Minus' Solution to

Tile Tally
Posted Weeks of March 16 - 29, 1998

Tim can lay the tiles down so that there are 84 along the narrower side, and 120 along the longer side. In total, since each tile has an area of 0.25 m2, and the total area is 2520 m2, there will be 10,080 tiles.

With the carpet squares, there will be 70 along one side, and 100 along the other side. Since each carpet square has an area of 0.36 cm2, there will be 7000 carpet squares. Thus, there are 3080 more tiles than carpet squares.

Each diamond has a side of 0.6/ m, so the area of each diamond is 0.18 m2. Since there are 7000 diamonds (given that there are 7000 carpet squares), the total area covered by diamonds is 1260 m2. Or, more simply, each diamond occupies half of a carpet square, so there is 2520(1/2) = 1260 m2 covered by diamonds.

Your Solutions

Daniel Sheehan, of Christ Church Grammar School in Western Australia, supplied our fiesty old mascot with this mmmmighty fine solution. Daniel didn't give us an answer to the bonus question, but we'll give him bonus marks for his attention to detail.

First of all we have to convert the floor measurements of 42 m x 60 m into cm which is 4200 cm x 6000 cm. Now we can divide the lengths of the floor by the side lengths of the tiles because they are both in the same measurements.

We divide 4200 cm by 50 cm to get the number of ceramic tiles to be laid on one length of the floor, which equals 84 tiles. We divide 6000 cm by 50 cm to get the other length of the floor, which equals 120 tiles. Now we multiply 84 tiles by 120 tiles to get the total number of ceramic tiles, which is 10080 tiles.

For the number of carpet tiles we do exactly the same as we did for the ceramic tiles but divide the lengths by 60 cm instead of 50 cm. 4200cm divided by 60 equals 70 tiles for one length, and 6000cm divided by 60 equals 100 tiles for the other length. 70 x 100 equals 7000 carpet tiles required to cover the floor. Now we must subtract 7000 from 10080 because the question asks us how many more ceramic tiles are needed that carpet ones. The answer is 3080 tiles.

Fifth-grade math wizards, Amy Morrison, Whitney Graham, Diane Bailey,and Austin Dyches, of South Scotland School in Laurinburg, NC, worked individually to provide Minus with this week's main course dish--bonus answer and all. Minus gives you all a finny salute for such a tummy-tickling dish.
First students converted the 42 m x60 m to 4200 cm x 6000 cm, and found the area of the floor to be 25,200,000 sq.cm.  The area of each piece of tile was 2,500 cm and the area of each carpet square was 3600 sq.cm.  The floor area was divided by each of the other areas to find that 10,080 tile squares were needed and 7000 carpet square were needed.  To find how many more tiles were needed subtract 7000 from 10,800 to get 3,080 more tile squares.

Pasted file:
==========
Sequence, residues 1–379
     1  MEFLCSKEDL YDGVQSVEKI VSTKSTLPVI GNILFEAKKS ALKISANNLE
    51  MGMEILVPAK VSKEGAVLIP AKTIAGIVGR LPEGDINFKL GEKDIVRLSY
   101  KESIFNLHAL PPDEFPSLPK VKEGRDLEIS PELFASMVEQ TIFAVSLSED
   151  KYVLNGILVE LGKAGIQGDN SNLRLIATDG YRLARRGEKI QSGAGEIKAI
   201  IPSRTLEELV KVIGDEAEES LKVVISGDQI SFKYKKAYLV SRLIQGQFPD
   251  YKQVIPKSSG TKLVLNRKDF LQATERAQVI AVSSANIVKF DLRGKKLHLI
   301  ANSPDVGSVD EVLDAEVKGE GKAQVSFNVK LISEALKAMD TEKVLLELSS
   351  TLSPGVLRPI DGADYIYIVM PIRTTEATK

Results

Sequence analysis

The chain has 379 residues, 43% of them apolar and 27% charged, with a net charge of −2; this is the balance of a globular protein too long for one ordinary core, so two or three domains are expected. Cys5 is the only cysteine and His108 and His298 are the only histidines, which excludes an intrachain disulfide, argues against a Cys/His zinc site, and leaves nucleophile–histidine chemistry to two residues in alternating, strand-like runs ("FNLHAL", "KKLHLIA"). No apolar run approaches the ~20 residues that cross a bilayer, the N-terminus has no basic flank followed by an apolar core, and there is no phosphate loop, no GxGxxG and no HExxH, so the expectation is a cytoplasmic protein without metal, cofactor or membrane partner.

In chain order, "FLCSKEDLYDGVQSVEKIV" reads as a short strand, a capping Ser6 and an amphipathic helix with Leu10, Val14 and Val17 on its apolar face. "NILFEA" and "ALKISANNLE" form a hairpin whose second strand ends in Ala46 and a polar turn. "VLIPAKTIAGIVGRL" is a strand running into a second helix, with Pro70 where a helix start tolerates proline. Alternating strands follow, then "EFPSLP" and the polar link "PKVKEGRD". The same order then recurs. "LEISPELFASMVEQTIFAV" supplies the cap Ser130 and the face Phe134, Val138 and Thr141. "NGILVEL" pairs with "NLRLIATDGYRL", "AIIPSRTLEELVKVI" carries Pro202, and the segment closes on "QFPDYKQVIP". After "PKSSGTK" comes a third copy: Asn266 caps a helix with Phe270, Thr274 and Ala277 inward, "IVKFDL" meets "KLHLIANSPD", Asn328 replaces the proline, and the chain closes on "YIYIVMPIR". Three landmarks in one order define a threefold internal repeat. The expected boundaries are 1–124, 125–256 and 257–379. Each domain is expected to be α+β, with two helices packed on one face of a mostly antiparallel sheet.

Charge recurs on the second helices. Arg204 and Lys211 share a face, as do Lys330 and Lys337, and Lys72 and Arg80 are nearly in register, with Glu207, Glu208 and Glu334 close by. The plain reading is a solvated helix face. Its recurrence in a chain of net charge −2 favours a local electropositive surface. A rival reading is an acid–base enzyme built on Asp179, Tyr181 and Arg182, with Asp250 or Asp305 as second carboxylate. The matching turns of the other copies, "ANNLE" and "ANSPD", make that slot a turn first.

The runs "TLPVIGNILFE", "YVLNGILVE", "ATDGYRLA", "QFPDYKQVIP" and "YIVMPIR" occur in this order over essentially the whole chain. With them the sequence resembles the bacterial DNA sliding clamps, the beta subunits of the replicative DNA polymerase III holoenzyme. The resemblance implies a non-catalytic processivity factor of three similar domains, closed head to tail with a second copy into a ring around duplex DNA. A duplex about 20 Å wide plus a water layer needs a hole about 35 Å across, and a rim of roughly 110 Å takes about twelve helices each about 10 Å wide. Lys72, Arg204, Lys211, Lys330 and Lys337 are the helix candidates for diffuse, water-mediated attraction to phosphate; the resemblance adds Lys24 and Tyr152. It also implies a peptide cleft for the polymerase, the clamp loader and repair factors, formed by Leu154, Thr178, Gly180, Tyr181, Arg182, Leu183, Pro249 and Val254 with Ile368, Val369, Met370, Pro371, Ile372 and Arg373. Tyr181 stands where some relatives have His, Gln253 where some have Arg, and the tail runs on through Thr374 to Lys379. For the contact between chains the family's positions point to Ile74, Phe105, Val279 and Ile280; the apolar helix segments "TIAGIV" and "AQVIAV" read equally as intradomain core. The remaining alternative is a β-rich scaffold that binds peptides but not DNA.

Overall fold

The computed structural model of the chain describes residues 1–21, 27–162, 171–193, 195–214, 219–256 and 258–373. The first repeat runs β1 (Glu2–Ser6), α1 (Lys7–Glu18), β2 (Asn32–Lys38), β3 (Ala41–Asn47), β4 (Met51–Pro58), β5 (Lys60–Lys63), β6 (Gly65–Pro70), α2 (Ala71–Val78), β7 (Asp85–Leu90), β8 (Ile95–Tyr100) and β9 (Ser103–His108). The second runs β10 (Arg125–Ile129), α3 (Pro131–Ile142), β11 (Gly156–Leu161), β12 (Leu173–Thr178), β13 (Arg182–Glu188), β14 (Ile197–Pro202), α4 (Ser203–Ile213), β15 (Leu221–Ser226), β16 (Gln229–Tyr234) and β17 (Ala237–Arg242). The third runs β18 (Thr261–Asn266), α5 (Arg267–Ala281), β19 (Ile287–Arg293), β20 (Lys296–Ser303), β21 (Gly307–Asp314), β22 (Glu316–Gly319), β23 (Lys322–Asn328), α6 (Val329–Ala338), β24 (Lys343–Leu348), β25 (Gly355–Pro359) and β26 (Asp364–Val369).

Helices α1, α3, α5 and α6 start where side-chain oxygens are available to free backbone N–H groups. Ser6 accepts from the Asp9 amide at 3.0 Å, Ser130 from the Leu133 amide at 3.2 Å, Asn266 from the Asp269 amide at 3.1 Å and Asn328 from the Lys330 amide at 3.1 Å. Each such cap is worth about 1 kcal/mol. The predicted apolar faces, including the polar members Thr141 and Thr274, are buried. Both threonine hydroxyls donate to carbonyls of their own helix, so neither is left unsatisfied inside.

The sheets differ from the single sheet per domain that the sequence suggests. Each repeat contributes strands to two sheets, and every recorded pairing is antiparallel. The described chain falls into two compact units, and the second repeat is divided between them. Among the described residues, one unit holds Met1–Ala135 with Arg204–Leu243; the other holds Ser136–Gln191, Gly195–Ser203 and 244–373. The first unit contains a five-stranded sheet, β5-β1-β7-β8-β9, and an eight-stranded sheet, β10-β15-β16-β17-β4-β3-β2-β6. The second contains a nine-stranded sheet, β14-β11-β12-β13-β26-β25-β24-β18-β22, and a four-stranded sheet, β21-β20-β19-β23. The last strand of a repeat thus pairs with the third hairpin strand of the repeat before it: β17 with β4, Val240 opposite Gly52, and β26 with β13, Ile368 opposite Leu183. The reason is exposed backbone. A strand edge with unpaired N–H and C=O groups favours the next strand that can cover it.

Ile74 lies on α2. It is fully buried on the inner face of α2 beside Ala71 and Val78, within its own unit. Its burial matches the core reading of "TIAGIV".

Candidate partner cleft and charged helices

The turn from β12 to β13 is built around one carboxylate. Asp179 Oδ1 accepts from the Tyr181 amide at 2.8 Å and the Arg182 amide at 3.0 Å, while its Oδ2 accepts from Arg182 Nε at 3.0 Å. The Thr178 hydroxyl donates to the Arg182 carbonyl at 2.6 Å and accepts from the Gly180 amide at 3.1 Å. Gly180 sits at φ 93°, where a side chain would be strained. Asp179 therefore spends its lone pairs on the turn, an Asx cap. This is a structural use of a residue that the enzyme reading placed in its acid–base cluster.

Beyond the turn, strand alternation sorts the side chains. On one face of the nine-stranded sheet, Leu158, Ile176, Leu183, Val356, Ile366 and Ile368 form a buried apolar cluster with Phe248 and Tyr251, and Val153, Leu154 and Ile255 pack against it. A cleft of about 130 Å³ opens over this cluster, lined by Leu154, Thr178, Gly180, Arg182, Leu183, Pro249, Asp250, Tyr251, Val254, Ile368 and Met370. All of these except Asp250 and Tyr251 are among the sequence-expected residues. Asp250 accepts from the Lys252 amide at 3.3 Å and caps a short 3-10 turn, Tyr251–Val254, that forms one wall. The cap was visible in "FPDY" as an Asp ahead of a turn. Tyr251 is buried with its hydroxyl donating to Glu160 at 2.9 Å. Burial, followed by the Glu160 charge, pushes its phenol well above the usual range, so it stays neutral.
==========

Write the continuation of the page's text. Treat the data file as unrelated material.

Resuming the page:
Bonus:  Since 7000 carpet squares were needed and each square had an area of 3,600, we found that the total area of the carpet squares was 25,200,200, or the area of the room.  The diamond took up half of the carpet square, so we divided 25,200,000 in half to find that the diamonds took up 12,600,000 sq. cm.

Bobby Sugar proves that he's got the right stuff. This elegant dish, with complex herbal notes, is the perfect accompaniment to Minus' main course. Lovely, just lovely...
We know that 1 m = 100 cm. Therefore, the floor area is 4200 cm x 6000 cm. So for ceramic tiles, we can fit 4200/50 = 84 tiles in the width and 6000/50 = 120 tiles in the length. Therefore total ceramic tiles needed are  84 x 120 = 10080 .

For carpet tiles, we need 4200/60 = 70 tiles in the witdh and 6000/60 = 100 tiles in the length, so to cover the area we need 70 x 100 = 7000 carpet tiles in all. Therefore we need 10,080 - 7,000 = 3,080 more ceramic tiles than carpet tiles.

Bonus question: Since each diamond pattern is 1/2 the area of each carpet square, therfore 1/2 the total floor space will be covered by diamonds, that is (42 m x 60 m)/2 = 1260 square meters.

The following chefs also provided Minus with correct answers to this week's question. Their submissions were brief tidbits, so we put the answers into a blender, mixed at high-speed for 30 seconds and convinced Minus it was a frappe. He was suspicious, but decided to gulp it down for dessert anyway. Kudos to:
vloney [vloney@northcom.net]

Jonathan Chambers [jchambers@student.ccgs.wa.edu.au]

Mrs. Neal's first block students (from we don't know where)

Megan Marshall from Pulaski Middle School

Minus sends his heartfelt
gratitude to his math friends
around the world.

Watch for him in the surf!